In this introductory survey course we will cover the role of finance in society, the basic workings of the financial system, how funds are allocated within the economy, and how institutions raise money. We will cover a range of topics, including: interest rates and the time value of money; uncertainty and the trade-off between risk and return; security market efficiency; stocks, bonds and optimal capital structure; financing decisions and capital budgeting; sovereign risk; foreign currencies; derivatives markets; and concerns about the role of finance in society. The course will include discussions of current news events in global markets. (INTD 0116 or INTD 0120 or by Instructor approval) 3 hrs. lect., 3 hr. lab (F. Van Gansbeke)

INTD 0218 Women in U.S. Electoral Politics (Fall 2021)

In this course we will explore the current and historical status of women in U.S. electoral politics, using case studies, guest speakers, hands-on campaign training, and academic and political research. Recent years have been pivotal for women in U.S. politics, with Hillary Clinton's loss in 2016, the historic 2017 Women's March, and the 2018 Year of Women. How have these events affected women in politics specifically and electoral politics generally? Can women achieve political parity with men and why does it matter? How do factors such as race, gender identity, region, and party intersect with electoral success and experience? 3 hrs. lect. AMR, NOR, SOC (R. Hardy)
Cross-listed as: GSFS 0218

INTD 0219 Corporate Governance (Spring 2022)

INTD 0220 Management, Enterprise, and Business (Fall 2021)

What does it mean to lead or manage a business, non-profit or any other enterprise, and how does one go about doing it? Drawing on different management theories, this course will review case studies of organizations facing serious management challenges, and how those challenges could be addressed. Students will also work in small groups over the semester with a local business to explore their background and current issues, preparing a final report on how to approach those issues using practical management techniques including business problem solving, teamwork, and effective communications. Professor Colander will be assisting with the class, giving occasional lectures, and connecting the class to broad liberal arts themes. (INTD 0120 or by waiver) 3 hrs. lect. 3 hour lab (A. Biswas)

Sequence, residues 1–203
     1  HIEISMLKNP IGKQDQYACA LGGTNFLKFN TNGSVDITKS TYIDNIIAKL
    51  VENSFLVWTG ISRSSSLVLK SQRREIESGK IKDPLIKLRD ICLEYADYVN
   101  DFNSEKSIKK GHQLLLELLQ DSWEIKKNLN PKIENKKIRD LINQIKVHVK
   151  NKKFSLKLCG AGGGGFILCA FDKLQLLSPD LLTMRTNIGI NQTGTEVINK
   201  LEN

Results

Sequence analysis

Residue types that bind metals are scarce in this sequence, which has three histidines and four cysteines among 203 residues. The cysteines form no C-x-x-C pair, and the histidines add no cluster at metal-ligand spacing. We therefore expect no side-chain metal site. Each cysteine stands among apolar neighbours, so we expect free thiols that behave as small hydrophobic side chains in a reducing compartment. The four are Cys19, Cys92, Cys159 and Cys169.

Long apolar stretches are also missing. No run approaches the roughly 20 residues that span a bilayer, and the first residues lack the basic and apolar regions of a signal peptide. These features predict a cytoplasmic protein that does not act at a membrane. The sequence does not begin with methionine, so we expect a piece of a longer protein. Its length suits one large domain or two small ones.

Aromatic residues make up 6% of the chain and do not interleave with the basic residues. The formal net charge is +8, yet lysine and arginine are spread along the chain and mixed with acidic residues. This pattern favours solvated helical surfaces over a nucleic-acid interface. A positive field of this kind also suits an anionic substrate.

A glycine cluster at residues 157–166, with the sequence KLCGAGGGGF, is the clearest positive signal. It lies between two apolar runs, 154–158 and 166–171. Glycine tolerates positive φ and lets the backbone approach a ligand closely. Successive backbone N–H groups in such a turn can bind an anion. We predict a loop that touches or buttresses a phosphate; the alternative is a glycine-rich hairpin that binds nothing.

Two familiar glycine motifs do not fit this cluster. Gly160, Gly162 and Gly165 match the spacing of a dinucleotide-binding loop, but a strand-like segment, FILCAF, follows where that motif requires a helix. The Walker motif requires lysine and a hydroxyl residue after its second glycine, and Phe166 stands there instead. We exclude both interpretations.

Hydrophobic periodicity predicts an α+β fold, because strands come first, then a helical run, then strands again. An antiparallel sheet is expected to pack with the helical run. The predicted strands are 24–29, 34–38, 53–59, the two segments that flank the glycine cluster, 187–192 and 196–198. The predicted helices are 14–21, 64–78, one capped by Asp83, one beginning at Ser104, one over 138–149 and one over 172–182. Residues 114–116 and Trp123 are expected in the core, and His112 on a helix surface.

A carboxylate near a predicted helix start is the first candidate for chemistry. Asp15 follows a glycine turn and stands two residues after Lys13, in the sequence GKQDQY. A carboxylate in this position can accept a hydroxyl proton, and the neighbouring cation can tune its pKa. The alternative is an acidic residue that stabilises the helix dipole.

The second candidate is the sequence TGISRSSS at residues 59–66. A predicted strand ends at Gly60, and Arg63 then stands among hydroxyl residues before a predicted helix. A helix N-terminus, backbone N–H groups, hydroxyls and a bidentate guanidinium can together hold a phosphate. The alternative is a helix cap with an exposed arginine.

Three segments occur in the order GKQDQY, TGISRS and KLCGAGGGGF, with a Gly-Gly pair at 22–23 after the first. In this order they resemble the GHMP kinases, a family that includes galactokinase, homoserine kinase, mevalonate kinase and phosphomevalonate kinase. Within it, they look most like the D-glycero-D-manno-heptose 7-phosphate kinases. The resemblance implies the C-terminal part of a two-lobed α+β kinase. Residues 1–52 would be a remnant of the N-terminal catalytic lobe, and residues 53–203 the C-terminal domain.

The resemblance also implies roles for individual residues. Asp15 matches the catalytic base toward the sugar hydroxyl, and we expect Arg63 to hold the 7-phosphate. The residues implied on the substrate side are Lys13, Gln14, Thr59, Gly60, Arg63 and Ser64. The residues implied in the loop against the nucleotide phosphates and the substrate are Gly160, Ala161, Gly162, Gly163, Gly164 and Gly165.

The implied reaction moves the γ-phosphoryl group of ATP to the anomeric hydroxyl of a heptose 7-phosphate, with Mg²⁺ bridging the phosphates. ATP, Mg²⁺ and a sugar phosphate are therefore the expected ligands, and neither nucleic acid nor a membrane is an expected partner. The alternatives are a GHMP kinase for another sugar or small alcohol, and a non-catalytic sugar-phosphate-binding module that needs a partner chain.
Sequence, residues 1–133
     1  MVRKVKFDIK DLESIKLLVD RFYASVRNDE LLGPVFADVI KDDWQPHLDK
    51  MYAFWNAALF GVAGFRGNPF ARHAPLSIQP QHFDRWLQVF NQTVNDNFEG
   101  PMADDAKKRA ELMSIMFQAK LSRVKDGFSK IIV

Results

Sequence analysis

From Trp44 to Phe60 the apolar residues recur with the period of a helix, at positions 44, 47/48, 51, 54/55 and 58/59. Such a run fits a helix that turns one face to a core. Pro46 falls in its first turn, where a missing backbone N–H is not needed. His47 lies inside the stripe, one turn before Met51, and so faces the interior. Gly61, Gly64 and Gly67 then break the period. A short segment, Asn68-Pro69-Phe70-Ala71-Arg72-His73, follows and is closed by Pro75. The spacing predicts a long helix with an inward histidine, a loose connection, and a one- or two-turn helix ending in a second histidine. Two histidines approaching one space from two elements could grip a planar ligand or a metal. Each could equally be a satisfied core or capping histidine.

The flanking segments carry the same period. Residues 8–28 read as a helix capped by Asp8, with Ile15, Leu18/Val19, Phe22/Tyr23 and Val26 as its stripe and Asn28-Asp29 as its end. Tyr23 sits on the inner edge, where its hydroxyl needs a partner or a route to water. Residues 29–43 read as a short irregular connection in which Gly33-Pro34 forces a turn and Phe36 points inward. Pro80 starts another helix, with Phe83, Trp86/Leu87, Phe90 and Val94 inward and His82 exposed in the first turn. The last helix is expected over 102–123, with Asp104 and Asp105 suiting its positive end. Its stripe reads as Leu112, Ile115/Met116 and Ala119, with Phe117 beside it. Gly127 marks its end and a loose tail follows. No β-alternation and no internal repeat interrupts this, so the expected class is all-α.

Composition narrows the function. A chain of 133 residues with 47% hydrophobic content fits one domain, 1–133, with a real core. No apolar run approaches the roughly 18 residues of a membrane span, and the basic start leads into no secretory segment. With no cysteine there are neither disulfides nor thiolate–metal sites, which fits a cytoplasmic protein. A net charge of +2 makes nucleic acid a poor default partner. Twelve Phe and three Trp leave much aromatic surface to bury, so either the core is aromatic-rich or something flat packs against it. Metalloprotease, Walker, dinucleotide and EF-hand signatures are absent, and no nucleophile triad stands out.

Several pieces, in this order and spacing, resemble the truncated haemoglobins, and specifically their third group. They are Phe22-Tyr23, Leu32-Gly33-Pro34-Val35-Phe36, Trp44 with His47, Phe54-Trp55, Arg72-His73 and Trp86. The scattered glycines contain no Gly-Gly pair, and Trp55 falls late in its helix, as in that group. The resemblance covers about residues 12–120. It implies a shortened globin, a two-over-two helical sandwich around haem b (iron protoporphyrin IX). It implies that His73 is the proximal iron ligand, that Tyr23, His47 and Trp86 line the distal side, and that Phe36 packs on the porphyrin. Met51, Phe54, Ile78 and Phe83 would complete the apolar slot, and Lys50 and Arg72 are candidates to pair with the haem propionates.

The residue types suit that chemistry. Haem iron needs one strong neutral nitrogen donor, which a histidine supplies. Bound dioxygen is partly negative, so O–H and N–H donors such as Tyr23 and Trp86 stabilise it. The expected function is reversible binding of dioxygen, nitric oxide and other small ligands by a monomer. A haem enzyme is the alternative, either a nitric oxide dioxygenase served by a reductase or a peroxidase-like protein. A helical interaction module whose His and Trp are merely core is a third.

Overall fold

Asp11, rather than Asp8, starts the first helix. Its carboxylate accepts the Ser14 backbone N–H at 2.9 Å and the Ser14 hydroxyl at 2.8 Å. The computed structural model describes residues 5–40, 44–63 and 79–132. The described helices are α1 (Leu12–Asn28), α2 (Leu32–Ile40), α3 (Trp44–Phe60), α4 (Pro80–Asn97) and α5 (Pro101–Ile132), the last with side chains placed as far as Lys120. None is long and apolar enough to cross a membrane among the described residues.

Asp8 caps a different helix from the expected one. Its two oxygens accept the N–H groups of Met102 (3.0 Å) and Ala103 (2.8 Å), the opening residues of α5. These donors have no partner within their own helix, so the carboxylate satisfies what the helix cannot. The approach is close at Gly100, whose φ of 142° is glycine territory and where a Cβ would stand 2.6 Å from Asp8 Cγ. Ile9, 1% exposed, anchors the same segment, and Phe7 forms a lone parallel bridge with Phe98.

INTD 0221 Creating New Enterprises To Solve Significant Problems: For-Profit and Social Entrepreneurship (Fall 2021)

In this class students will explore how entrepreneurial innovators solve significant problems by creating new enterprises, and how these new organizations impact our society. In today’s society, entrepreneurship seems ubiquitous. At times, it appears that entrepreneurs can do no wrong. At other times, they are depicted as over-optimistic fools. Such polar characterizations may sell magazines, but they do not capture what entrepreneurship is, which involves a more complex and interesting story— in both for-profit and social entrepreneurship environments. Students will explore entrepreneurship in depth with the goal of penetrating the popular veneer and uncovering the essence of starting and growing new enterprises designed to solve significant societal problems. (E. Parizeau)

INTD 0302 Prepared for a Life of Meaning (Spring 2022)

In this course we will explore psychology, education and sociological literature detailing the promise of higher education and opportunities to create a life of meaning. Students will contemplate the relation between the social and economic promises of higher education and corresponding ideals of a life of meaning. Students will formulate their own definitions and goals for a meaningful life. Using multidisciplinary frameworks, students will develop skills that enhance the likelihood of leading meaningful lives for themselves and their communities. 3 hrs. lect. (R. Moeller, E. Parizeau)

INTD 0319 Investment Management (Fall 2021)